The Soldier's Details
- First Name:
- Regimental #:
- ‘E’ Company, Special Reserve Battalion, No 3 Platoon.
- Place of Birth:
- Moora, Western Australia
- Father's Name:
- Not Known
- Mothers's Name:
- His NOK was sister Margaret Flarty
- Church of England
- Pre-war Occupation:
- Selarang Camp and Barracks Changi
- ‘D’ Force Thailand, T Battalion
- Camps Thailand:
- Tarsau, Wampo, Konyu II, Kinsaiyok, Ubon
- Return Details 1945:
- Thailand-Singapore by aircraft; Singapore-Fremantle, HMT Highland Brigade
Neave Flarty was one of eight Indigenous Western Australians to join 2/4th.
He was wounded in action at Bald Hill, Bukit Timah on 11 February 1942 and admitted to Alexandra Hospital on 12 February with a shrapnel wound to his right knee. He was discharged to his unit on 23rd February 1942.
The above men were all reinforcements and joined ‘E’ Company, probably each had no more than 2-3 months training, completely inadequate for battle.
Surprisingly they all survived the Fall of Singapore! On 12 February 1942 nearly half of ‘E’ Company lost their lives during a Japanese Ambush at Bukiut Timah – including most of the trained and experienced officers.
Even better, the five young men survived their incarceration and returned home to WA!
Flarty joined reinforcements for 2/4th just prior to boarding ‘Aquitania’ on its journey to Singapore 16 January 1942. As with the majority of reinforcements he was young and had very little training. Having enlisted 22 October 1941, he had been in the Australian Infantry 3 1/2 months when ‘E’ Company went into battle at Singapore. This Battalion suffered very heavy loss of life. Please read further.
‘E’ Company lost half their men, including most of the well-trained officers at a Japanese ambush at Bukit Timah 12 February 1945.
As a POW in Singapore Neave was selected with ‘D’ Force T Battalion to work on the Burma-Thai Railway. T Battalion departed Singapore Railway Station on 16 March 1943 and headed for Bampong, Thailand. Read further about T Battalion
Flarty worked on the cutting at Kinsaiyok and was at Ubon from where he was recovered at the end of the war.
Our research has returned minimal information about Neave Flarty.
He was born Moore River Native Settlement WA to Flossie Flarty.
There are 374 graves at Moore River – most of babies and children who were unable to overcome respiratory diseases, encouraged by poor diet and terrible living conditions.
As recorded above, his NOK was sister Margaret Flarty at Parkerville Childrens’ Home, Parkerville (we do not know whether Margaret was working there or if in fact she was there as a child in care, which is quite possible – Neave may well have been also.) Records show Margaret Flarty married about 1937/38 at Mount Magnet to Arthur Joseph Palmer. According to electoral rolls he was residing without Margaret during years 1949, 1954 and 1958 and living at Marillana Station, Roy Hill.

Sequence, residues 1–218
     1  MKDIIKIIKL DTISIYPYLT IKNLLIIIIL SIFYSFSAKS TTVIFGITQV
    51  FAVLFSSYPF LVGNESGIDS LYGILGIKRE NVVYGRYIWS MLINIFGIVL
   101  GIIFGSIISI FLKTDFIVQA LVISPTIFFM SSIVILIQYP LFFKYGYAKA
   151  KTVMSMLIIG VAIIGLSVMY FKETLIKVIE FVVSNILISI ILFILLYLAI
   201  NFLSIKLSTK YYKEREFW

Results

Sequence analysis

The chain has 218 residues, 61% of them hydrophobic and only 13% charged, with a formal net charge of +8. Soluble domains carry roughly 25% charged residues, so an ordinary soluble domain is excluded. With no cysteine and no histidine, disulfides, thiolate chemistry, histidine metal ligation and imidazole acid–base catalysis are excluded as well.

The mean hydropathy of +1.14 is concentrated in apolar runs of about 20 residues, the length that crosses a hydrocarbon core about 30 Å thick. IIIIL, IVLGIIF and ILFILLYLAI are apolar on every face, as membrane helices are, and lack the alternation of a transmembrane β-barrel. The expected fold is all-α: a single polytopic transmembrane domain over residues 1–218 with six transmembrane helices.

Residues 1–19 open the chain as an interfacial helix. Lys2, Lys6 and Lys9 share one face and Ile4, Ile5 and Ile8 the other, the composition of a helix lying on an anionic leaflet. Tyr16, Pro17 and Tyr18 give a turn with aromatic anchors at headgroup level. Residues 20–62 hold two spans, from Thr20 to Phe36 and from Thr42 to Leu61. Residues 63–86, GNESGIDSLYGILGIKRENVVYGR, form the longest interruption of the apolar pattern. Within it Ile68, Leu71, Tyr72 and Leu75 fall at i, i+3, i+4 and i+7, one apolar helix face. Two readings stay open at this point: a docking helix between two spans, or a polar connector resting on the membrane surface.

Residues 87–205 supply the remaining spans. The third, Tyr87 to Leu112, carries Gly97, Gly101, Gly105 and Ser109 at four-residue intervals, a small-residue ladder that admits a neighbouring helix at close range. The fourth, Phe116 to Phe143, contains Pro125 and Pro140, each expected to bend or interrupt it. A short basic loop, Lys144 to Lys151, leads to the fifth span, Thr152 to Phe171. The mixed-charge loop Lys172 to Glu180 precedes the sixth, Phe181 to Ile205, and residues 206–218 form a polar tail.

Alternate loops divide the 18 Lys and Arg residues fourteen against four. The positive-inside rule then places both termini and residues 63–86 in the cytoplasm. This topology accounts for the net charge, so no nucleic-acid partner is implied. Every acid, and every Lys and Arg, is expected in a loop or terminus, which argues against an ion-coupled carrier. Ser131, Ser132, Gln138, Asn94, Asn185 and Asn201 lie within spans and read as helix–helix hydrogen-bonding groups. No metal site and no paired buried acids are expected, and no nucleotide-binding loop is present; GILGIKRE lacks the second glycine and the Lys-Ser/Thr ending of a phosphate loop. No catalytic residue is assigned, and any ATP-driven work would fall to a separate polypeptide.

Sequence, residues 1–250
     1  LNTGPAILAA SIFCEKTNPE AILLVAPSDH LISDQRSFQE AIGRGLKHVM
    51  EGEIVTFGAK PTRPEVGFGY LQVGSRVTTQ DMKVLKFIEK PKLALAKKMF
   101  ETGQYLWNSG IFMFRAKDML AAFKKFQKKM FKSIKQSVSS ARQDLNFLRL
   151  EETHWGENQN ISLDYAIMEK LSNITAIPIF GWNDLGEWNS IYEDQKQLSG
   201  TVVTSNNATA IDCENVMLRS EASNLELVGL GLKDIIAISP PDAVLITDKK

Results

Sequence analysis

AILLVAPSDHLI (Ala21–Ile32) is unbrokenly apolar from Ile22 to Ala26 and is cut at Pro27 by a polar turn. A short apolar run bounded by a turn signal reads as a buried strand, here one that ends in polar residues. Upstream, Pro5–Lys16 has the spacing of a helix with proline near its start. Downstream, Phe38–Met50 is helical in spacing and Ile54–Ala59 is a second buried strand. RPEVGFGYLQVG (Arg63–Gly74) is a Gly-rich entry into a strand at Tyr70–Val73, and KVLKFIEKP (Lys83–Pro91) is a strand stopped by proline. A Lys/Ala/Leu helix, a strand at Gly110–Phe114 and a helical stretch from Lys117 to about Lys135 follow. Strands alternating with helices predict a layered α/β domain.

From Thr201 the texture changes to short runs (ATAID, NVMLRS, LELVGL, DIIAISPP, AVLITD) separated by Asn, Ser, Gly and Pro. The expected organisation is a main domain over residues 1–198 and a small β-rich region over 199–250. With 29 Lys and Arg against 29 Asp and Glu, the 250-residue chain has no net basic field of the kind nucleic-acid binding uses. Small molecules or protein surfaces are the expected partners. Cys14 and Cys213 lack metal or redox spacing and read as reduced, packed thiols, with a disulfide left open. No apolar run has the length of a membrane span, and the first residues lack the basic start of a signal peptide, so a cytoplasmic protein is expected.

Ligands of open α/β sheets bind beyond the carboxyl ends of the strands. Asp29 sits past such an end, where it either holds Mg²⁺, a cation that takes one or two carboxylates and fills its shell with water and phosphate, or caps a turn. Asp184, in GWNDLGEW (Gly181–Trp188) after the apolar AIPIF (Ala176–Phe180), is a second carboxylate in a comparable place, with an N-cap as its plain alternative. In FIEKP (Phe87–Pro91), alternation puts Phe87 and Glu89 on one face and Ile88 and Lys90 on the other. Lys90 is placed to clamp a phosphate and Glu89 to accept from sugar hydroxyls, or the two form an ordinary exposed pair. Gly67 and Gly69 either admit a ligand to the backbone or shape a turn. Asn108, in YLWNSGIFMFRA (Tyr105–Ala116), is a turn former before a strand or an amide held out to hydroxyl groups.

Records show Palmer enlisted WW2 – his Service No. WX21628.
According to his army personnel records Neave Flarty had several addresses after the war – all in relation to receiving war medals, having had his originals stolen from his dwellings.
1945-46 18 Waverley Street, South Perth.
1949 19 Coode Street, Maylands. Trainee plasterer.
1957 C/- Mrs. B. Goodrick, Mullewa, WA
1964 Employed Temporarily WAGR Narambeen, WA
1965 Employed WAGR Temporarily East Northam.
1976 C/- F. Williams, Randwick Farm, Merinda via Bowen, Queensland 4805.
The 1972 Electoral Roll has Neave Flarty residing Bundaberg, Queensland working as plasterer.
1977 Roll, again Flarty is working as a plasterer at Merinda, 4805, Queensland.
Flarty died in Queensland in 30 January 1980. He was 57years old and buried Collinsville Cemetery, Collinsville, Whitsunday Region, Queensland, Australia. (Momental Section Grave 822).
If any Flarty family should read this, we ask you to please contact us at our email email@example.com
We would really like to learn more about Neave’s life before the war and after.
Neave seems unable to settle to one place, and this is not uncommon amongst returned POWs, especially as he had no family to return to. He very likely suffered ill-health and possibly mental health issues – and many returned POWs have been found to be reliant on alcohol at some time.
His POW years combined with his aboriginal childhood (very likely lived in Government ‘care’) would have been most challenging especially as it appears he had no family as such to return home to when he most needed a family circle.
- Selarang Barracks Changi - Singapore
- Selarang Camp Changi - Singapore
- Kinsaiyok Main, 170.2k - Thailand
- Tarsau, Tha Sao 125k - Thailand
- Ubon - Thailand ***
- Wampo, Wang Pho 114k - Thailand ***
- Kanu 111, Kannyu, 152.50km - Thailand